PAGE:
The police have resisted criticism they were slow to act. Hong Kong police chief Stephen Lo said his force was stretched dealing with anti-government protests in the rest of the city. He also called any insinuation that the police were somehow involved or complicit in the mob violence a “smear.”
Carrie Lam, Hong Kong’s embattled chief executive, condemned the attacks in the train station — as well as the actions of a small group of pro-democray demonstrators who earlier in the day had defaced and graffitied the emblem outside of a liaison office for the Chinese central government — saying “violence will only breed more violence.” She called the defacing of the Chinese liaison office a “challenge” to national sovereignty.
Pro-democracy lawmakers called for an independent inquiry into the police response, but there’s a question whether the mob violence will have a chilling effect on the protests against Hong Kong’s leadership and this extradition bill.
On Monday, reports from the streets of the Yuen Long said it looked like “a ghost town” in the wake of the mob attack. But protests over the handling of the incident are already being scheduled for this weekend, on July 27.
And the source of this growing unrest — a controversial extradition bill that would allow people arrested in Hong Kong to be extradited to mainland China — also isn’t going away anytime soon.
Many pro-democracy critics see the bill as yet another example of Beijing trying to increase its control over Hong Kong, which though technically part of mainland China is supposed to be self-governing.
Lam has said the bill is “dead” but has refused to formally rescind it. Critics say her refusal to do so means she is biding her time and could reintroduce it at any moment.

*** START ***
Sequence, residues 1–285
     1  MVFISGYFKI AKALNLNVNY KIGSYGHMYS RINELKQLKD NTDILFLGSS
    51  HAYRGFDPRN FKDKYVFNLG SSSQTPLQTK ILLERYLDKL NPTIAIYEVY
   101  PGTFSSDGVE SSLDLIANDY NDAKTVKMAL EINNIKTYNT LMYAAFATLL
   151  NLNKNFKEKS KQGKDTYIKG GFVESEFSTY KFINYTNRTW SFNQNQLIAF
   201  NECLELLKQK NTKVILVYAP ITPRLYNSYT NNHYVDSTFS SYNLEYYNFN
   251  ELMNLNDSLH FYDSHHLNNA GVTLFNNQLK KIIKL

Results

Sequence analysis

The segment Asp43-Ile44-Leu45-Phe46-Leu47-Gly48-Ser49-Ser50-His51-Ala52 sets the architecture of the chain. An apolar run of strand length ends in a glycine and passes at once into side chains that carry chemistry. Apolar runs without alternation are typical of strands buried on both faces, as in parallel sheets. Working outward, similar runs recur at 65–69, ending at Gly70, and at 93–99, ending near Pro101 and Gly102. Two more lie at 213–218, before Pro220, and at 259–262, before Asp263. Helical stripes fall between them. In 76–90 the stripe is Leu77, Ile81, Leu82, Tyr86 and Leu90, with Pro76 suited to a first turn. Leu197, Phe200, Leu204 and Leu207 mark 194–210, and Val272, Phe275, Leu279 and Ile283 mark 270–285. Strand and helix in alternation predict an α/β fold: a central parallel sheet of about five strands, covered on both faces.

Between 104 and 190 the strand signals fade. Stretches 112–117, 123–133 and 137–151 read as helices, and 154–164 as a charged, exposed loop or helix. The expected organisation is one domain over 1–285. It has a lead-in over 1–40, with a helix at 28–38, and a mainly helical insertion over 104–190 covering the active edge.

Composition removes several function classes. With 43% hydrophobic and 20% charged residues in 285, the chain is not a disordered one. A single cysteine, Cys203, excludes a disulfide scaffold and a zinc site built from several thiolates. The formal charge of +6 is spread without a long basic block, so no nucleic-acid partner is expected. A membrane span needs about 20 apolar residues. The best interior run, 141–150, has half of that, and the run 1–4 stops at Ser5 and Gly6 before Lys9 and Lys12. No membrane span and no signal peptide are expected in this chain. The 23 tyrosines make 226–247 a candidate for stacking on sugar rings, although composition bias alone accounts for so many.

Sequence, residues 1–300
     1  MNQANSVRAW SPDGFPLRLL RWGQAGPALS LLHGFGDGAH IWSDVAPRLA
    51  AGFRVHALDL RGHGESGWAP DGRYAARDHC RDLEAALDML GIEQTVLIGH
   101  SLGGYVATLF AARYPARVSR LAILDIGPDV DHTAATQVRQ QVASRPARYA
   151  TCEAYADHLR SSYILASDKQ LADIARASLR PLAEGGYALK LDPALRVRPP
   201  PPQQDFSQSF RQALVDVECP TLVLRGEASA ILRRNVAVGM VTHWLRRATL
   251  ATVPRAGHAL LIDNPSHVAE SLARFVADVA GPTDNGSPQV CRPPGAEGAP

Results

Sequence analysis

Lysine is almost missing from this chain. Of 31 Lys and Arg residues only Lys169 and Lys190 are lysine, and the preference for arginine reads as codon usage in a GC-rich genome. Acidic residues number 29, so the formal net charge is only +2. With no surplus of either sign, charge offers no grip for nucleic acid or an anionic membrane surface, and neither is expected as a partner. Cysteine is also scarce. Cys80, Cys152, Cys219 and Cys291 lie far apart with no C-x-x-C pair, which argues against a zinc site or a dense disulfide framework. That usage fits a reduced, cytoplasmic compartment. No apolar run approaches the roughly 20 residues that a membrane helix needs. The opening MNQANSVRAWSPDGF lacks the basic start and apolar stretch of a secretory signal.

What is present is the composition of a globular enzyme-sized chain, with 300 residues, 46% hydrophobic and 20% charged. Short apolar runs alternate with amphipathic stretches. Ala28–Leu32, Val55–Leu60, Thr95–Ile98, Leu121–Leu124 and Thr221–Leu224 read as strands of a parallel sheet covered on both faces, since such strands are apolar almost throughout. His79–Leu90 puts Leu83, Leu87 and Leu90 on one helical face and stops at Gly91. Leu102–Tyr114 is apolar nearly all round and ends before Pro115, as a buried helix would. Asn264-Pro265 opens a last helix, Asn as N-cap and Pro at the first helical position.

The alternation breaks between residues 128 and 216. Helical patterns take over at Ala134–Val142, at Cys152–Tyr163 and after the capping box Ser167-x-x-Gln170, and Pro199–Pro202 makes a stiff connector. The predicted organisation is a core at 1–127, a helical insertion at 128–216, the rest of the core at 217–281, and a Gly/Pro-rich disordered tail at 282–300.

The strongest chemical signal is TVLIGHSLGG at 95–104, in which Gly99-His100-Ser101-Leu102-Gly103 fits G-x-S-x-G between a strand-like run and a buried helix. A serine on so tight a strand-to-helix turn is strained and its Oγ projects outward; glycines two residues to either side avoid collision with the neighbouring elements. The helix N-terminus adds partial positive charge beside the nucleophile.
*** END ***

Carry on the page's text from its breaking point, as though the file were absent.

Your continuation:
China’s reaction to the latest unrest in Hong Kong is also telling. The Chinese government has said the defacement of the liaison office “openly challenged the authority of the central government.”
The Wall Street Journal reports that the state-run media — which has largely ignored the protests — did a flurry of coverage on the “radical” anti-government protests in an apparent attempt to stoke public anger.
“Pro-Beijing opinions were allowed to proliferate on Chinese social media, as censors appeared to tolerate the sharing of footage and images of the unrest in Hong Kong — as long as they kept to the official narrative on the protests,” the Wall Street Journal’s Chun Han Wong and Eva Dou reported.
Beijing, then, seems to be upping its offensive as the protests have dragged on for weeks. A Chinese military unit conducted an anti-terrorism exercise not far from Hong Kong, a move some interpreted as a sign that China’s military could become more directly involved.
As Vox’s Alex Ward reported last week, President Xi Jinping asked President Donald Trump to curb his criticism of China over the Hong Kong protests as a condition for restarting trade talks.
On Monday, answering questions from reporters, Trump said that Beijing has behaved “very responsibly.” “I hope that President Xi will do the right thing,” the president added. “But it has been going on a long time.”